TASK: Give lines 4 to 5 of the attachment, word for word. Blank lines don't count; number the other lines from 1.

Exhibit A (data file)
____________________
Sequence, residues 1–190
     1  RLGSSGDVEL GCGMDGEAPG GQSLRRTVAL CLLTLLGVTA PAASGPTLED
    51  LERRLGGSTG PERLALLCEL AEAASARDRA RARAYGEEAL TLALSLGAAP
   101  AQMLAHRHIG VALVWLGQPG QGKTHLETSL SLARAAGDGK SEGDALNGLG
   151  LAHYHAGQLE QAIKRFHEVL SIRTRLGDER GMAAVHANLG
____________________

   101  AQMLAHRHIG VALVWLGQPG QGKTHLETSL SLARAAGDGK SEGDALNGLG
   151  LAHYHAGQLE QAIKRFHEVL SIRTRLGDER GMAAVHANLG